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Exam 3 Study Guide

by: Josephine maclean

Exam 3 Study Guide Adv 319

Josephine maclean
GPA 3.5

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About this Document

Covers Ch. 13-17
Psychology of advertising
Dr. Close-Schienbaum
Study Guide
50 ?




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This 8 page Study Guide was uploaded by Josephine maclean on Sunday November 29, 2015. The Study Guide belongs to Adv 319 at University of Texas at Austin taught by Dr. Close-Schienbaum in Summer 2015. Since its upload, it has received 167 views. For similar materials see Psychology of advertising in Advertising at University of Texas at Austin.


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Date Created: 11/29/15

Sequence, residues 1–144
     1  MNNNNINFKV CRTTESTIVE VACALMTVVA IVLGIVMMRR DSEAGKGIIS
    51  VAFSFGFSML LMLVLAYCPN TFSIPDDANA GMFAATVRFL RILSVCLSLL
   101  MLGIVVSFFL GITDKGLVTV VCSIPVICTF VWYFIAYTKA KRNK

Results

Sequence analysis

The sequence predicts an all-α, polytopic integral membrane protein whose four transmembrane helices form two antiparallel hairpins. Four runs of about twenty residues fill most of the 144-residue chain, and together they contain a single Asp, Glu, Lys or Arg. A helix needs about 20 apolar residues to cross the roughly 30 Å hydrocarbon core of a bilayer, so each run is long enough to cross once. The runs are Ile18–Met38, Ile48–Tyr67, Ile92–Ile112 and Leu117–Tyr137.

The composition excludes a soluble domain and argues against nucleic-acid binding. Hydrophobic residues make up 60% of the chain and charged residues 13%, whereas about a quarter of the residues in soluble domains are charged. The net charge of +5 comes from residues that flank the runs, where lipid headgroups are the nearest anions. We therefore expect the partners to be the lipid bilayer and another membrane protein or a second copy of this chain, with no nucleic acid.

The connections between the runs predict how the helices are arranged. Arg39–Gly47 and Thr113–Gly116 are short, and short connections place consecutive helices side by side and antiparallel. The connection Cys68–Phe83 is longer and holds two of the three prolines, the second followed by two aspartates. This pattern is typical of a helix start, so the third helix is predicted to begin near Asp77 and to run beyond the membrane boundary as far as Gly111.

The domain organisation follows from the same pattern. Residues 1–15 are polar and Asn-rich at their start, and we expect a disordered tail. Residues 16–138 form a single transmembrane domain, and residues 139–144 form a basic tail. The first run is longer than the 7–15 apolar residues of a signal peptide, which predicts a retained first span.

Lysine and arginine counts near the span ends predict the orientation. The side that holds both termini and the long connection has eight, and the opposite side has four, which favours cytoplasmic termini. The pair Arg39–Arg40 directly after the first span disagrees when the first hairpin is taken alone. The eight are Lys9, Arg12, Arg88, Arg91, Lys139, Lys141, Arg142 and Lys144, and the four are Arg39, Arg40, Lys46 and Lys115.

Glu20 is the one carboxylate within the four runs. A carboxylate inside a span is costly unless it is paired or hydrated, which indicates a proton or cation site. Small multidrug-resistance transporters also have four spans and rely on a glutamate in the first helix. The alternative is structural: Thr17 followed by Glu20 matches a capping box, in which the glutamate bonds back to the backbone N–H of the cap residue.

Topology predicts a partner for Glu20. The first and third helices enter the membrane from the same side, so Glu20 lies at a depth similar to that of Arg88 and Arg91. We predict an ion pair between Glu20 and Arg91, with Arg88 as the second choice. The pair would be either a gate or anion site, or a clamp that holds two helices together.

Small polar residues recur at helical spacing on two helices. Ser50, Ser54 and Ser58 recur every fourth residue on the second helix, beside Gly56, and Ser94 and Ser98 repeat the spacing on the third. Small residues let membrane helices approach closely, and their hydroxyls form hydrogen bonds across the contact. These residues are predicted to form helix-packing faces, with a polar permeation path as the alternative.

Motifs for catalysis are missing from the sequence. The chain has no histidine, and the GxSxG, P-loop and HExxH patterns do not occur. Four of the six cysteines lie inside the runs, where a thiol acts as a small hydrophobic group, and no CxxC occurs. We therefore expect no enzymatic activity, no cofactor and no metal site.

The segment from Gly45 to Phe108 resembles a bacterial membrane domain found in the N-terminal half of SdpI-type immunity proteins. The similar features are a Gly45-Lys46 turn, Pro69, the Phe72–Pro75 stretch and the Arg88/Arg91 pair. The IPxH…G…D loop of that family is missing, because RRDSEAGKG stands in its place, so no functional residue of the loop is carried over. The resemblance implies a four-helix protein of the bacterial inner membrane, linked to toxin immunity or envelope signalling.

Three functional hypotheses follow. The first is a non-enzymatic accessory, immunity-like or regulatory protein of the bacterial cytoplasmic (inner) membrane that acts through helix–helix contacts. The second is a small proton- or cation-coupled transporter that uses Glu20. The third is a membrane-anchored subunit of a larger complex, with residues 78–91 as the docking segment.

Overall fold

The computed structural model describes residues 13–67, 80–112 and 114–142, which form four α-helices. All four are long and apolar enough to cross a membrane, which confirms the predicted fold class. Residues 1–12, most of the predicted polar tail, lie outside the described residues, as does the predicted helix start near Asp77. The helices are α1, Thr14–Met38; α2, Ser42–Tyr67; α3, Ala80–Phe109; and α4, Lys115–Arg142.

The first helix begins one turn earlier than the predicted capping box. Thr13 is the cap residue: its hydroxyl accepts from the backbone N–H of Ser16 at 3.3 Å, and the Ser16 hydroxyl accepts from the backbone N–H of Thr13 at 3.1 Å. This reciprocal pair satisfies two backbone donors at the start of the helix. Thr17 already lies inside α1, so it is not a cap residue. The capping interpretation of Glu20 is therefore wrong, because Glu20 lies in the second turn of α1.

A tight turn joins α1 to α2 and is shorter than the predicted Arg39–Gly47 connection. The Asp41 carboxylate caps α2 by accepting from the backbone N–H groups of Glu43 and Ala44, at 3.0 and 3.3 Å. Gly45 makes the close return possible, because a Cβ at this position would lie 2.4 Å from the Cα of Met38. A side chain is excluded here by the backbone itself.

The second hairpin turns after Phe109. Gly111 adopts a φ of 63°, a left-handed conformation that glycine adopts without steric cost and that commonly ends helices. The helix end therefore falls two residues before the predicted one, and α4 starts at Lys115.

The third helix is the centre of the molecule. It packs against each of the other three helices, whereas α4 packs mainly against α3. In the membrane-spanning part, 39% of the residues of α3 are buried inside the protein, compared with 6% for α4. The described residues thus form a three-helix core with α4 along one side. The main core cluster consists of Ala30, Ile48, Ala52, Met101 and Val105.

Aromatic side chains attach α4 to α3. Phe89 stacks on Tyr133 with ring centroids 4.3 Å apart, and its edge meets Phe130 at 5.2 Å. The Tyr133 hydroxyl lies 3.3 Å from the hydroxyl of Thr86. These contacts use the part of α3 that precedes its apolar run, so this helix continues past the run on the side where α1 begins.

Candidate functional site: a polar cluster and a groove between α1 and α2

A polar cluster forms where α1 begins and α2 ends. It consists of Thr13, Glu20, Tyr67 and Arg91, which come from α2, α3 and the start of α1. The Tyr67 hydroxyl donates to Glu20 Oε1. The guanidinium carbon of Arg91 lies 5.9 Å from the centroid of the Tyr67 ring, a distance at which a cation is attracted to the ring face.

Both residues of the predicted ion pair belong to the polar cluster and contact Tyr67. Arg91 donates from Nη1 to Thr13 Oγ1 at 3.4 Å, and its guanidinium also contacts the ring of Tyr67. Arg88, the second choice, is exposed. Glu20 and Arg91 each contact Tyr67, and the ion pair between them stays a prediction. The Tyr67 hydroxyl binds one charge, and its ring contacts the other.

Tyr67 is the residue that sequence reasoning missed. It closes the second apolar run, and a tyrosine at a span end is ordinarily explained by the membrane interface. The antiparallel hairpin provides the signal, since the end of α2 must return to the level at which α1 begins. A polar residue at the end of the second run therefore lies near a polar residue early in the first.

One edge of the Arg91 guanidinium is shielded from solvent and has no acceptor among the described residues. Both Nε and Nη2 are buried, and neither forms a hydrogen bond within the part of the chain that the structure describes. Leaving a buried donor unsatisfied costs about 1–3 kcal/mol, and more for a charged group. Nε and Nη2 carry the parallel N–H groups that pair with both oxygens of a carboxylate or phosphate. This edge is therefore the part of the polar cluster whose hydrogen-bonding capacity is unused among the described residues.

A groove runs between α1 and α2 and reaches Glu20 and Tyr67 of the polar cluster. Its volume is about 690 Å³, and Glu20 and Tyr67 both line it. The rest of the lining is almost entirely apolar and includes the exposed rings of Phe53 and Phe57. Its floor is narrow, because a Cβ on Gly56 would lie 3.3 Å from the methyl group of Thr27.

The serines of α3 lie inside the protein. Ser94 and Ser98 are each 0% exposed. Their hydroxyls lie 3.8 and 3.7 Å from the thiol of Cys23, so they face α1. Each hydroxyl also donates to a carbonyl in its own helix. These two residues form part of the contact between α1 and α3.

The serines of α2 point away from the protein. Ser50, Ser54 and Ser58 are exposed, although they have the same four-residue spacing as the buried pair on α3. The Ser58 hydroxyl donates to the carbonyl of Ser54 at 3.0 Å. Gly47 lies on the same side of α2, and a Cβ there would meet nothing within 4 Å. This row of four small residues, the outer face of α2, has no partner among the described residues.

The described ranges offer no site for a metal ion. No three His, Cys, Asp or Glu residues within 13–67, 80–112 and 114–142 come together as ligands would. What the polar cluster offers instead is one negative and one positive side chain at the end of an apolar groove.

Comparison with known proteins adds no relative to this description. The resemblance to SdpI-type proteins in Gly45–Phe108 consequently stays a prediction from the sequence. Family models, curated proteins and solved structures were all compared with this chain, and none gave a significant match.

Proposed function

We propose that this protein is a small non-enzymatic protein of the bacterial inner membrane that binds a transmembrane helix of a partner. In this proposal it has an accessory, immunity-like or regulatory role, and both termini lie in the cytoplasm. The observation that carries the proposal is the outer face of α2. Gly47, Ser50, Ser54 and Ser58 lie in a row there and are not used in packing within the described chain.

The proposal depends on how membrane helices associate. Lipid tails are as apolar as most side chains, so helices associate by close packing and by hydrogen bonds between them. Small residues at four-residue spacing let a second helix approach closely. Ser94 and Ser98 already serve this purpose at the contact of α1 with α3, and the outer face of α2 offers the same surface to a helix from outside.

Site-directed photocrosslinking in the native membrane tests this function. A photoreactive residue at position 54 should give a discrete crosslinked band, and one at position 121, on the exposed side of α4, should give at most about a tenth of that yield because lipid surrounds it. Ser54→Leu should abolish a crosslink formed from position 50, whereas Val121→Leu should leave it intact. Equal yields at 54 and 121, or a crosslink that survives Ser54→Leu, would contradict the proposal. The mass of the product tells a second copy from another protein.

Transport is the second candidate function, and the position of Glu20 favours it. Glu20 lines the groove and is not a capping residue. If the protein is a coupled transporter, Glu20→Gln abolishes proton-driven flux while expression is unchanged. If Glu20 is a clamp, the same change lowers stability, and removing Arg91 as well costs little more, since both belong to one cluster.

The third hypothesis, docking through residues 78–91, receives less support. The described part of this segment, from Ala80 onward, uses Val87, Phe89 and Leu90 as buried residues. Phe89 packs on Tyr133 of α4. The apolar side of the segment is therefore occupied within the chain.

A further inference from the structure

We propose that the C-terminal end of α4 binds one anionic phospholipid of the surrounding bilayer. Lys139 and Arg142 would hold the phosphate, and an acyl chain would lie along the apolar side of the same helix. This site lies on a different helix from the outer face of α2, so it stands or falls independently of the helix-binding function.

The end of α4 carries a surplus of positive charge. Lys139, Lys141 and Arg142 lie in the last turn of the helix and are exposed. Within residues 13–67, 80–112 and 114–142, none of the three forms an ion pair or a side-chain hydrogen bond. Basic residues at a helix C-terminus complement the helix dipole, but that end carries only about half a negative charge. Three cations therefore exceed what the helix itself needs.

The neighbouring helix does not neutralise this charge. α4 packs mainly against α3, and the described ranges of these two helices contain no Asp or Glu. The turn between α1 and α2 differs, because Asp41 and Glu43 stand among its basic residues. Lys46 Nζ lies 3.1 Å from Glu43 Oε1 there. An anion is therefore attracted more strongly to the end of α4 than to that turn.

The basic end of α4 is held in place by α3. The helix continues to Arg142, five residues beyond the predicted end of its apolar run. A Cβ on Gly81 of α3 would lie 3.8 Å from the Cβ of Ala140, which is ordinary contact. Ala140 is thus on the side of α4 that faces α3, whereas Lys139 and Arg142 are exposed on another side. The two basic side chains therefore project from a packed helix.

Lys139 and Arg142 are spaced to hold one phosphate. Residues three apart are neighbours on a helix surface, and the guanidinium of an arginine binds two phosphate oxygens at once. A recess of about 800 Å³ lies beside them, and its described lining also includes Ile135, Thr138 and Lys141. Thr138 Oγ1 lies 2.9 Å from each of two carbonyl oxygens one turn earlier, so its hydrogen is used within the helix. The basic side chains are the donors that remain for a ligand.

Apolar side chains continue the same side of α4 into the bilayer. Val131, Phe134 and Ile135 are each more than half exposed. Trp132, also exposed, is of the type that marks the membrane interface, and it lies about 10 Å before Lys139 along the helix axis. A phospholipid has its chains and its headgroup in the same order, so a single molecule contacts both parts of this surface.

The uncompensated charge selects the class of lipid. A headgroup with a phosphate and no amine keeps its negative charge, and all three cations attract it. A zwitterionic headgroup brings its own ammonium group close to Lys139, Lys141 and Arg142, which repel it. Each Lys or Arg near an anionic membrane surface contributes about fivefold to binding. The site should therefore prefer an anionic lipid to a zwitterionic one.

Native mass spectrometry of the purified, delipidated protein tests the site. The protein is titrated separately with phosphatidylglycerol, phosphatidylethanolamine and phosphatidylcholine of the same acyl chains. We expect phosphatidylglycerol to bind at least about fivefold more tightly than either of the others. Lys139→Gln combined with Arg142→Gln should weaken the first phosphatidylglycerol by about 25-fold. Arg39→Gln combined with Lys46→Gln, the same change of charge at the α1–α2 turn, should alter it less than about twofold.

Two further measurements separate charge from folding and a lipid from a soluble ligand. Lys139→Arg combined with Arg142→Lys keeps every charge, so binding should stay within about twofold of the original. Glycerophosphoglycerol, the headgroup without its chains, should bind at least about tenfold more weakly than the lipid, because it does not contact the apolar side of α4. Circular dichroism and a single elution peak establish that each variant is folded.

Covers Chapters 13­17 Read the lecture notes because this is a textbook heavy study guide, also once again go over  the vocab from the site Dr. Close gave us. Good luck!!  Ch. 13­ Household and social class influences  1. Describe various types of households and families, explain how the family life  cycle and other forces affect household structure.  a. Types: nuclear v extended family i. “household” can be a single person living alone or a couple or parents and kids, etc.  ii. dual career families, divorce, smaller families,  same­sex families b. Family life cycle: different stages of family life, depends on age of  parents and how many children are living at home  2. Roles that household members play in acquisition and consumption decisions  and marketing implications i. roles individuals play­ “Household decision roles”  1. gatekeeper: collect and control  information important to the decision 2. influencer: household members who  try to express their opinions and influence the decision  3. decider: the person or persons who  actually determine which product or service will be chosen  4. buyer: physically acquires product or service 5. user: member who consumes the  product  ii. instrumental v. expressive roles iii. role of children (usually as influencers)  iv. who dominates the decision? (usually reflects a  male or female head of household)  1. husband­dominated 2. wife­dominated  3. autonomic (equal power over  decision) 4. syncratic (joint) b. marketing implications: targeting who is involved at each stage,  role of internet is expanding 3. Social Class hierarchy and what determines social class a. Hierarchy: Upper Class ● upper­upper ● lower­upper ● upper­middle Middle ● middle class ● working class Lower ● not the lowest ● real lower­lower b. Influences: trends can trickle down (upper to lower) or experience  status float (start low move up)  c. Determinants:  i. the biggest determinants are Education and  occupation ii. inherited v earned status iii. when a consumer is consistent across all  measurements of status: status crystallization iv. mobility and fragmentation 4. explain how social class influences CB:  a. Effects on consumption: i. conspicuous consumption, conspicuous waste, and voluntary simplicity ii. status symbols iii. parody display­ start lower move up iv. fraudulent display­ so widely adapted it loses status (smart phones?) v. compensatory consumption   vi. Money­ good and evil, happiness,  b. marketing implications: i. appealing to different classes ii. through channel selection, or style  iii. note of caution: doesn’t always work as a  segmentation technique bc it is so complicated 5. three things that change social class: 1. upward mobility 2. downward mobility 3. fragmentation  Ch. 14­ Psychographics: values, personalities and lifestyles “Demographics are for dinosaurs”­­Dr. Close 1. define values and the value system and show how they can be described a. values: abstract, enduring beliefs about what is right/ wrong,  important, or good/bad i. global values­ peron’s MOST enduring, strongly  held, and abstract values that hold in many situations ii. terminal values­ desired end states (ideal state to  be in) iii. instrumental values­ the values for you to achieve  the desired end state\ iv. domain specific values­ valies that may only apply  to a particular area of activities b. value system: total set of values and their relative importance 2. Western culture values a. materialism, home, work and play, individualism, family and  children, health, hedonism, youth, authenticity, the environment, technology b. Measuring values (value segmentation)  i. inferring values from cultural milieu ii. means­end chain analysis iii. value questionnaires­ rokeach value survey, and  list of values (LOV) 3. Personality and Marketing a. Personality = internal characteristic that determines how  individuals behave in various situations b. researching personality→ trait theories, locus of control (how people perceive WHY things happen), behavioral approaches (myers-briggs) c. how personality affects CB i. finding people’s optimal stimulation level ii. dogmatism (resistance) iii. need for uniqueness, need for cognition iv. creativity v. susceptibility to influence vi. frugality vii. self­monitoring behavior viii. national character (country’s personality) ix. competitiveness (want to outdo others) 4. How lifestyles are related to opinions, interests, and activities a. lifestyle­ people’s patterns of behavior b. AIOs= activities, interests, and opinions (3 components of a life  style) i. segmentation by AIOS ex: zipcar for Universities ii. communication that appeals to a certain lifestyle iii. new product ideas 5. Marketing implications of combining Psychographics, lifestyle, and personality a. VALs™ and other research Chapter 15­ Innovations: adoption, resistance, and diffusion  1. describe how innovations can be classified in terms of type, benefits, and breadth a. innovation = an offering that is perceived as new by consumers  within a market segment and that has an effect on existing consumption patterns  b. characterizing by novelty (how much behavioral change is  required): i. continuous innovation: one that has a limited effect  on existing consumption patterns  ii. dynamically continuous: pronounced effect on  consumption practices and often involves new tech. iii. discontinuous: so new we have never seen  anything like it before  c. characterizing by benefits: i. functional innovation: a new product or service,  attribute, idea that has better or alternative utilitarian benefits  ii. hedonic or aesthetic innovation: prettier iii. symbolic innovation: new social meaning d. characterizing by breadth: ex baking soda has all sorts of uses e. co creation: actively involving consumers in creating value through participation in new product development (nivea’s new black and white  deodorant)  2. How consumers adopt, why they resist, marketing implications a. mixed reactions from the 8 central paradoxes i. control/ chaos; freedom/ enslavement;  new/obsolete; competence/incompetence; efficiency/ inefficiency; fulfills/  creates needs; assimilation/ isolation; engaging/ disengaging ii. high­effort hierarchy of effects: a purchase based  on considerable decision­making effort 1. awareness → info collection and search → attitude formation → trial → adoption iii. versus the low effort hierarchy 1. awareness → trial → attitude formation → adoption b. Adopter groups­ the curve (p. 422 of book, figure 15.6)  i. 5 groups: innovators, early adopters, early majority, late majority, laggards 3. Diffusion a. use­diffusion patterns  b. Adopter groups­ the curve (p. 422 of book, figure 15.6)  i. 5 groups: innovators, early adopters, early majority, late majority, laggards c. s shaped diffusion curve d. exponential diffusion curve e. product life cycle curve f. factors affecting the diffusion curve: i. fad ii. fashion iii. classic g. factors affecting adoption, resistance, and diffusion i. the innovation: 1. perceived value 2. perceived benefits 3. perceived costs ii. marketing­ must communicate, promote, and  incentivize to avoid uncertainty from consumers iii. consumer learning requirements: compatibility;  trialability; complexity  iv. to communicate: educate, use change agents  (opinion leaders), fit with a system of products, make it the industry  standard (ipods or seatbelts), promotions enhance trialability,  demonstrate compatibility and simplicity, simulate trial v. social relevance­ extent to which an innovation can  be observed or the extent to which having others observe it has a social  cache  vi. legitimacy: extent to which the innovation follows  established guideline for what seems appropriate in the category vii. adaptability: potential to fit with existing products/  styles viii. modernity: extent to which consumers in the social  system have positive attitudes toward change ­­ characteristic of the  social system (also see physical distance, homophily, opinion leadership)  Ch. 16­ Symbolic Consumer Behavior 1. discuss how products, special possessions, and consumption activities gain  symbolic meaning and how this meaning is conveyed from one consumer to another: a. cultural categories­ natural grouping of objects that reflect our  culture b. cultural principles­ ideas or values that specify how aspects of our  culture are organized and or how they should be perceived or evaluated c. Figure 16.2 on page 445 is very important to this less i. essentially it illustrates where the value of the  product comes from (culture or individual) and where the product use is  defined (individual or culture)  d. emblematic function: use of products to symbolize membership in  social groups  i. geographic; ethnic; social class; and gender  emblems  2. marketing implications of symbolic influence a. symbol development­ linking a product to a cultural category (eg­  toyota to ranchers)  b. symbol communication­ setting of the ad gives meaning to the  product c. symbol reinforcement­ maintaining an image d. symbol removal­ erasing symbols that are unwanted (ex tattoo  removal) e. role acquisition function: i. use of products as symbols to help us feel more  comfortable in a new role ii. phases­ separation, transition, incorporation  iii. reflexive transitions­ feedback from others that tells  us whether we are fulfilling the role correctly  iv. other transitions include­ marital, cultural (quinces)  social status (a new house) v. Connectedness function:  use of products as  symbols of our personal connections to significant people, events,  experiences (souvenirs)  f. Expressiveness function: products as symbols to demonstrate our  uniqueness­ how we stand out from others  g. symbols and self­concept i. actual identity schema­ multiple salient identities  that reflects self concept ii. ideal identity schema­ ideas about the identity in its  ideal form h. marketing from this: i. to self­concepts; fitting with or reaching to ideal;  products that fit with multiple self­concepts; frame switching (someone  with multiple cultural backgrounds will respond differently to  advertisements in different languages)  i. special brands and possessions i. pets especially in the US; memory­laden objects;  achievement symbols; collections ii. few or no substitutes; sentimental value; reluctance to discard iii. symbolic value, mood­altering properties (trophies) iv. instrumental importance (actually extremely useful)  v. rituals with special possessions 1. possession ritual (making it ours) 2. grooming ritual (to bring out and  maintain the product) 3. divestment ritual (disposition, wipe  away all traces of personal meaning)  3. sacred and profane entities a. sacred : people things and places that are set apart, revered,  worshiped, and treated with great respect b. profane : things that are ordinary and have no special power 4. symbolic meaning transfer through gift giving: a. three stages i. gestation 1. motives and emotions,  2. nature of the gift,  3. value of gift, 4. search time ii. presentation 1. ceremony 2. timing and surprise 3. attention to the recipient 4. recipient’s reaction iii. reformulation 1. relationship and bonding 2. reciprocation b. marketing implications: i. promoting products/ services as gifts ii. technology and gift shopping (major changes) iii. alternatives (ex: heifer international)  Ch. 17­ marketing, ethics, and social responsibility in today’s consumer society 1. distinguish between social and temporal dilemmas, and explain the search for  balance in decisions that involve such dilemmas  a. social dilemma: deciding whether to put self­interest or the  interests of others first b. temporal dilemma: deciding whether to put immediate interests or  long­term interests first i. me versus we can be in a family setting or a  corporate setting c. dark side v bright side outcomes i. marketing that could be harmful to consumers ii. marketing to children 2. marketing ethics and consumer ethics i. ex: body shop­ markets their good buying practices b. acquisition controversies i. materialistic behavior 1. neutral value but there can be  consequences 2. family influences­­ determine how  materialistic someone is 3. perception of others changes how  you see your life ii. addiction and compulsive behavior 1. addiction = excessive behavior  brought on by a chemical dependency a. loss of perceived  control b. denial  2. compulsive behavior = an irresistible urge to perform an irrational act  a. emotional component b. financial and  emotional consequences c. Consumer theft i. temptation to steal 1. product factors, environmental  factors, and consumer factors ii. ability to rationalize 1. same three factors iii. black markets­ especially intellectual property iv. targeting vulnerable segments ­ travellers  v. 41.6$ billion a year lost vi. actions to stop it can lower customer satisfaction  d. Consumption Controversies i. underage drinking and smoking, idealized self­ images, compulsive gambling, overeating and obesity, privacy  ii. does marketing encourage? does it CAUSE? e. disposition controversies i. products that still work ii. ones that do not function iii. waste and pollution, littering campaigns 3. consumers and marketers being good a. conservation behavior b. publicizing health concerns c. greenwashing = misleading use of environmental claims to appeal to consumers d. charitable behavior and community involvement­ canada scouts  (pepsi community donations) 4. customer resistance a. boycotting b. new method of buycotting